Following completion of this chapter, the student will be able to:
Describe the mechanical characteristics of extracorporeal shock wave.
Identify musculoskeletal pathologies that may benefit from extracorporeal shock wave therapy.
Discuss the cellular effects of extracorporeal shock wave therapy on bone and tendons.
Discuss why these effects may be beneficial to these tissues.
Extracorporeal shock wave therapy (ESWT) is a therapeutic modality that utilizes acoustic energy. Therapeutic acoustic shock waves were first studied in the early 1970s and by the early 1980s were used in clinical practice for noninvasive lithotripsy, a procedure used to disintegrate kidney and urethral stones and later, gall stones. ESWT has been used in orthopedic medicine over the last three decades for treatment of a variety of musculoskeletal conditions including lateral epicondylitis, plantar fasciitis and rotator cuff, patellar, and Achilles tendinopathies in the United States.33
ESWT appears to be effective in particular for treatment of patients with chronic inflammation which is difficult to treat. It is becoming clear that “chronic inflammation” is not present and regeneration of tendocytes is needed to facilitate healing.1 The biologic effects of ESWT have been shown to stimulate growth factors and stem cells to foster new collagen.2,3,57 ESWT also seems to have a significant effect on pain for treatments of other musculoskeletal disorders including pseudoarthrosis, nonunion fractures, and during total joint revisions. Emerging literature suggests that ESWT is effective when compared to placebo injections, and augmented by eccentric exercise in the treatment of chronic tendinopathies.4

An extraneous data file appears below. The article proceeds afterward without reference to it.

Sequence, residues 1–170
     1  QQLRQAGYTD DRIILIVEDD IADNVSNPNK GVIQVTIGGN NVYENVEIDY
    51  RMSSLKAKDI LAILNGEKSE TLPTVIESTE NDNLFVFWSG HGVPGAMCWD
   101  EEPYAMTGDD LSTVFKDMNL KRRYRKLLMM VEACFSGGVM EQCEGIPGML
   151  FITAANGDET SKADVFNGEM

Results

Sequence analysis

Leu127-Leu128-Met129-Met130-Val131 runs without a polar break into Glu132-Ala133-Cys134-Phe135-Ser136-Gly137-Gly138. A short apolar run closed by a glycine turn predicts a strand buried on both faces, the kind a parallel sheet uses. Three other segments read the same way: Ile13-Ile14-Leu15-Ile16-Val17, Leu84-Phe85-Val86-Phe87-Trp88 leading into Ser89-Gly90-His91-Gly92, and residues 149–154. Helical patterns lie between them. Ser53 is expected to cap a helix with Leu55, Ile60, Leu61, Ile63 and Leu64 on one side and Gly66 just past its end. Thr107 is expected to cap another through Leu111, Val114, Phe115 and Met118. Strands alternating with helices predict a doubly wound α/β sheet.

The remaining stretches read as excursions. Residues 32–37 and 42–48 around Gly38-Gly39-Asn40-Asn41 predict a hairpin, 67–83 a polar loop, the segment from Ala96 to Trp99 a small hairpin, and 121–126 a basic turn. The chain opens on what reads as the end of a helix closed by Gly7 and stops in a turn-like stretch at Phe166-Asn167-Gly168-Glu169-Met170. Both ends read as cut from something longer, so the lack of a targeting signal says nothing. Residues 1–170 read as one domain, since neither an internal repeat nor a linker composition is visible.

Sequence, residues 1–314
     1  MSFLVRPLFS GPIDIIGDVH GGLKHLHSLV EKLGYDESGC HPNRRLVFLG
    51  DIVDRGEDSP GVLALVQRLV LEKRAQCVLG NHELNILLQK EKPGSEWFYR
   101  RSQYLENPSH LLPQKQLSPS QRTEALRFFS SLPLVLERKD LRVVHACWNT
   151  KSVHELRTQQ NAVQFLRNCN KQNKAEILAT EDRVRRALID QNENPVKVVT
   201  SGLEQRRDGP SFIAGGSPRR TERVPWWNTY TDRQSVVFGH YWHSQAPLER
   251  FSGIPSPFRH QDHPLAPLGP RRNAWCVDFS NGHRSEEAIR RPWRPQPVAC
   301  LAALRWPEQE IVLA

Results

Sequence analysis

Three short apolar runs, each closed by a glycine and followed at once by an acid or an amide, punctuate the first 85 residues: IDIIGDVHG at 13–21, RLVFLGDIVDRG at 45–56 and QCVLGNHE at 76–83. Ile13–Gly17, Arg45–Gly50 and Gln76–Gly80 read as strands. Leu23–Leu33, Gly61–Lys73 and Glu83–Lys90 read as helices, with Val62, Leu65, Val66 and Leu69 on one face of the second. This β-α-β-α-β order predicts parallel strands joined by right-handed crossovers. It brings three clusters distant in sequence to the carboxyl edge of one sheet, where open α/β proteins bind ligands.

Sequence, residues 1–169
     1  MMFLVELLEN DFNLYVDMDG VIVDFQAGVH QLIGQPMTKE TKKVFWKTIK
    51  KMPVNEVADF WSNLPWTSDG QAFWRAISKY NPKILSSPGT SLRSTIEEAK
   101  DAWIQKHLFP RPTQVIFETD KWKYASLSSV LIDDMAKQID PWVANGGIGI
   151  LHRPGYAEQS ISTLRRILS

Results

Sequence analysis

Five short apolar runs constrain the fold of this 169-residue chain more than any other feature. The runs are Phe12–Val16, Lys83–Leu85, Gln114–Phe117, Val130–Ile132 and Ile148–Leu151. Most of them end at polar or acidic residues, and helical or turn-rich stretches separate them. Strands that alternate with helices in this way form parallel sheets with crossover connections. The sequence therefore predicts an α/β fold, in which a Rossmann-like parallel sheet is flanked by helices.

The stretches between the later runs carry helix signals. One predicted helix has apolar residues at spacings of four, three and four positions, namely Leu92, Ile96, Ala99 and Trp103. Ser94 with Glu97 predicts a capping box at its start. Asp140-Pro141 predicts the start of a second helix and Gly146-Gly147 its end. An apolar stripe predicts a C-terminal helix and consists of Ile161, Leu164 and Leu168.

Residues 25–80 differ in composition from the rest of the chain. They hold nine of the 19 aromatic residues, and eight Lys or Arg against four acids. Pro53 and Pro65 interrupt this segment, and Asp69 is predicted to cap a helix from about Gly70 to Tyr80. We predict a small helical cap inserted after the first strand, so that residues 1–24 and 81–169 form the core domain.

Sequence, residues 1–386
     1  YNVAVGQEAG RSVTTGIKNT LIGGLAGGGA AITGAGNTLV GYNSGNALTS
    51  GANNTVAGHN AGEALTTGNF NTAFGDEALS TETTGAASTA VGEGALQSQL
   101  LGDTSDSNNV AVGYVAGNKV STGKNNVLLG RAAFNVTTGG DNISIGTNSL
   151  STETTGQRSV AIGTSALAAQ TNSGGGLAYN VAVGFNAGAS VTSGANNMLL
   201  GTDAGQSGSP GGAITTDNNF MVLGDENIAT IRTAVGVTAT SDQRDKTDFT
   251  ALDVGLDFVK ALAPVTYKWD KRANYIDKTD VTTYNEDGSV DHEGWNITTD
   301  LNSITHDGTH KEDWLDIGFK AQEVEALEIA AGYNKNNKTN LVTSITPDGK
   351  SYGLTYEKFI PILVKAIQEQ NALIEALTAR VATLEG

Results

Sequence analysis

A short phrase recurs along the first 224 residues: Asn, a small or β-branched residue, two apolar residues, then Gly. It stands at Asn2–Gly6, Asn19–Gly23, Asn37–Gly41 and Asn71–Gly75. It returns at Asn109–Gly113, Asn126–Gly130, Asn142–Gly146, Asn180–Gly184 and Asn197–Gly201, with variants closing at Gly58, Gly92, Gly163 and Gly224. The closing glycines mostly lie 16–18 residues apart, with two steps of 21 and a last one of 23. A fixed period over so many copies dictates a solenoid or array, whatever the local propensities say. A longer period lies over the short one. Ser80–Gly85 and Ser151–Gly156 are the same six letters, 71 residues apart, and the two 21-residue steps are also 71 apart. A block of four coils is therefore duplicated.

ESWT will continue to be used more specifically in the treatment of what has traditionally been referred to as chronic tendonitis. It is important to discuss this topic briefly before we begin. Traditionally, physical therapists, athletic trainers, and physicians have concluded that longstanding symptoms of tendonitis were the result of the healing process being “stuck” in the inflammatory phase. However this is not the mechanism underlying this chronic condition. Patients who clearly have chronic tendinosis or fasciosis on a clinical basis (i.e., duration of at least 6 months and failure of other conservative measures, especially NSAIDs and/or steroid injection) seem to respond best to ESWT. Observations that those who respond best have failed steroid injection and other conservative therapies likely indicate a better selection of those patients who have no inflammatory component to their condition.54–56 Current recommendations for treatment include a period of rest, followed by aggressive eccentric exercise to stimulate tendon regeneration.1–3,5–9 ESWT’s demonstrated biologic effects of decreasing pain and promoting tissue regeneration make it an ideal adjunct to the rehabilitation process.
This chapter will clarify the terminology and principles of shock wave therapy, discuss the potential biologic effects of shock waves, and review the current use of ESWT in the treatment of musculoskeletal conditions. Finally, evidence-based clinical guidelines for use of ESWT will be presented.